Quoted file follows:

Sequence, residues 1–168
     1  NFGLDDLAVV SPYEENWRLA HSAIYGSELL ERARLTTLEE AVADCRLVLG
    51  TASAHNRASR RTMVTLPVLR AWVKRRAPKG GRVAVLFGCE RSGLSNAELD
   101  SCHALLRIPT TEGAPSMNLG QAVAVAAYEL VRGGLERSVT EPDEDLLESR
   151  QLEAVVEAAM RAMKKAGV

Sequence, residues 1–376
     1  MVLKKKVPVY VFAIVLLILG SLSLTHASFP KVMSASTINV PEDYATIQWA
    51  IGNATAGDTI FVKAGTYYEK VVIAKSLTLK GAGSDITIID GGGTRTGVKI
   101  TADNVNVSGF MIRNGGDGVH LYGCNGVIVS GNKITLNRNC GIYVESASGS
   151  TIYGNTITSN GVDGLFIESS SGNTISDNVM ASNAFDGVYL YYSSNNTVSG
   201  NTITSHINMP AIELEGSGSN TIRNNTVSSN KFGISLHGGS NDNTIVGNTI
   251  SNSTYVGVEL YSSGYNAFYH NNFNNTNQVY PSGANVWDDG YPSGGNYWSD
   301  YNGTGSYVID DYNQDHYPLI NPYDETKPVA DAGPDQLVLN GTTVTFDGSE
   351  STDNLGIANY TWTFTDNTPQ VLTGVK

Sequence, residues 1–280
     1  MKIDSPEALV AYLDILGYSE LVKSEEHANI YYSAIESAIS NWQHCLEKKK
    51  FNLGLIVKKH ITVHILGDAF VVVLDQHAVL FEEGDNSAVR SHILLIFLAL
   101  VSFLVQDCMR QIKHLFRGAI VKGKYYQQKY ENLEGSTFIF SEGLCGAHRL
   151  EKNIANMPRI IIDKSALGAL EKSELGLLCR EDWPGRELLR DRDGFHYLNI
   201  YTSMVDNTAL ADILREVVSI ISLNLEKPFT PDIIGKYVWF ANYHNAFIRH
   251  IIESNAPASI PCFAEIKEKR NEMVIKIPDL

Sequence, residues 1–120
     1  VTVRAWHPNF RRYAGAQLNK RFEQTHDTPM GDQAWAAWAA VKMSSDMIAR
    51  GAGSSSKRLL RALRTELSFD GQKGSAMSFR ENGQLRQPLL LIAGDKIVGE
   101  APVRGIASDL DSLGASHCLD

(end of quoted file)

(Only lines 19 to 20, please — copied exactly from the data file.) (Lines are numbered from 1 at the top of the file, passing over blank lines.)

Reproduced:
   151  EKNIANMPRI IIDKSALGAL EKSELGLLCR EDWPGRELLR DRDGFHYLNI
   201  YTSMVDNTAL ADILREVVSI ISLNLEKPFT PDIIGKYVWF ANYHNAFIRH